Demand for Cheap Credit Falls Short of Expectations

As part of the ECB’s monetary easing plan, the central bank has made low-interest rate loans available to banks across the region, provided they use the funds for consumer and business loans. Although the goal is to expand credit creation and economic growth, the lack of participation in the latest loan auction presents an ominous sign for those hoping for a quick turnaround. In the latest auction, the ECB injected 130B Euros into the banking system, which was significantly less than expectations. This lack of demand indicates that either banks aren’t willing to lend or don’t see demand for loans, or a combination of both. The news also increases the odds that the ECB will engage in a bond purchasing quantitative easing program, expected by most to launch in Q1 of 2015. With the Eurozone at risk for recession and deflation, interest rates across the region remain at very low levels and are slightly negative for overnight interbank loans. We have written many times over the past few months that U.S. rates are being held down artificially due to weakness overseas. This data does nothing to alter that thesis.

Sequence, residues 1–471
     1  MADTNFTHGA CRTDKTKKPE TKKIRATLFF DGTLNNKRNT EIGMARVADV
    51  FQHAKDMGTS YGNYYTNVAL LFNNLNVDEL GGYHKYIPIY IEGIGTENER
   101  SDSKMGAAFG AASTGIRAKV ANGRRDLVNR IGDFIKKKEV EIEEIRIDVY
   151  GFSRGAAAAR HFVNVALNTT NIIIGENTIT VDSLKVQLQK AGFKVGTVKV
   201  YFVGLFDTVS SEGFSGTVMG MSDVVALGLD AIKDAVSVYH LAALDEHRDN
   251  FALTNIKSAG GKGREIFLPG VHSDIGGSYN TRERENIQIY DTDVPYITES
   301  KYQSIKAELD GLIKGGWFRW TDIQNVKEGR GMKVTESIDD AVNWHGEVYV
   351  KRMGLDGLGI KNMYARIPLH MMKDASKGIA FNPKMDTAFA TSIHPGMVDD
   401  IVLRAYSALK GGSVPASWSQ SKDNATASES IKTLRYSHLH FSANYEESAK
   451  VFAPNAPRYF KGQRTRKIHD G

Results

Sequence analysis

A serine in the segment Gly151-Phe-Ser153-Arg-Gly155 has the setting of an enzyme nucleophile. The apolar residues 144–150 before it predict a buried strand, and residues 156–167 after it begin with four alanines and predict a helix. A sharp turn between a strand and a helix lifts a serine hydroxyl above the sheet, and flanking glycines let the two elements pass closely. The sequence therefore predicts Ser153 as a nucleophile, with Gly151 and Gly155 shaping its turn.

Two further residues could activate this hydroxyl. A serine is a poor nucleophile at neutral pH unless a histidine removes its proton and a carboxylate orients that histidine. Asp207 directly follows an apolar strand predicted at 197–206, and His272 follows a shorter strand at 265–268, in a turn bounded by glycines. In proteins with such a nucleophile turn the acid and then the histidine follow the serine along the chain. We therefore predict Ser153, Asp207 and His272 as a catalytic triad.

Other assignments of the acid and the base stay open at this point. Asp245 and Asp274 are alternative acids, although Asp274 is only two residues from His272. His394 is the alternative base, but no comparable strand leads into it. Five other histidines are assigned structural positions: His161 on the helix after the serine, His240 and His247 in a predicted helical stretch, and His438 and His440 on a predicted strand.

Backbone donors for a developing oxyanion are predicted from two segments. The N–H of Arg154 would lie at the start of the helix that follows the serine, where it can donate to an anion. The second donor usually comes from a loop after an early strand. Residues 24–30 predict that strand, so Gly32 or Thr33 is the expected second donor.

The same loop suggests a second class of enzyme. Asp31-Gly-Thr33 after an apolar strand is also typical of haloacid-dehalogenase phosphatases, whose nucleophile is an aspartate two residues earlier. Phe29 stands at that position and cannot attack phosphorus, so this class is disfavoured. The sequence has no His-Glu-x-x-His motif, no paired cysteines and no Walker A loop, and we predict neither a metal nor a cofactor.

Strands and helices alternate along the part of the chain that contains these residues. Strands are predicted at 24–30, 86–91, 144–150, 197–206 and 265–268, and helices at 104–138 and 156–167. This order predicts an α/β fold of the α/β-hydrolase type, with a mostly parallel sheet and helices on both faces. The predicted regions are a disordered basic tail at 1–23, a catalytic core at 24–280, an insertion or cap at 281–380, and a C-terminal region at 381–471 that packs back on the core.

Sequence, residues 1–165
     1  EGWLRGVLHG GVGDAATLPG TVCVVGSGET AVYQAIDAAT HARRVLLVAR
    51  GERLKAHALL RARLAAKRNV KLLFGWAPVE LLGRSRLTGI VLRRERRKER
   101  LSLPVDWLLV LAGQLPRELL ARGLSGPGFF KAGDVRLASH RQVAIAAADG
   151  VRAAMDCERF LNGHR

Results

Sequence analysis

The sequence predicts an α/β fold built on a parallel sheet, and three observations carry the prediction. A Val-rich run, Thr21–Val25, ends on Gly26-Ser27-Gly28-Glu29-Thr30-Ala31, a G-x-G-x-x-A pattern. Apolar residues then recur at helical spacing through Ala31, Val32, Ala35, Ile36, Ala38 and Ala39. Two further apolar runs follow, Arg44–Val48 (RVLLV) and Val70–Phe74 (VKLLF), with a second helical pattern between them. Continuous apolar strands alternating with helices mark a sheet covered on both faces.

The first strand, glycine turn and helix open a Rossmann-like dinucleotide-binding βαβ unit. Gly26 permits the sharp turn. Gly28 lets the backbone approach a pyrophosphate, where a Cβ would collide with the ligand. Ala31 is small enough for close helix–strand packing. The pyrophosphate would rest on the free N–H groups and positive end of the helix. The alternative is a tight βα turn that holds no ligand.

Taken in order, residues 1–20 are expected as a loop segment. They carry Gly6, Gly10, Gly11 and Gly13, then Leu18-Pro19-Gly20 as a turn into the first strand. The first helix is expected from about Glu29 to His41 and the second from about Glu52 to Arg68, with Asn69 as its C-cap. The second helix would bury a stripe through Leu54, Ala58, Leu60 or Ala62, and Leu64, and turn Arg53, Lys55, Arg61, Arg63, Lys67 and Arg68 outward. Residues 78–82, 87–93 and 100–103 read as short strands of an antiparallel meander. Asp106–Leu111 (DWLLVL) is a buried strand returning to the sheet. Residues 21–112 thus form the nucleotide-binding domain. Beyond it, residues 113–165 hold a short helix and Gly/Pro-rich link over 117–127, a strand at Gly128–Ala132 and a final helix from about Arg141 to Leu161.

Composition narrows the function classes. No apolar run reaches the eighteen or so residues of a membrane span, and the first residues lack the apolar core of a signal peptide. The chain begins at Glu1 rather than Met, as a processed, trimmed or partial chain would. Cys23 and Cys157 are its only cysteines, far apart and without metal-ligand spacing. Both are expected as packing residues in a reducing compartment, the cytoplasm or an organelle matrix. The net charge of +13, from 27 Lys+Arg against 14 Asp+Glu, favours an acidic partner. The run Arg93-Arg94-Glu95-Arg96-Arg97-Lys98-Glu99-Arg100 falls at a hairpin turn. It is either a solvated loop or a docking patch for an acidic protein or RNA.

Source: Financial Times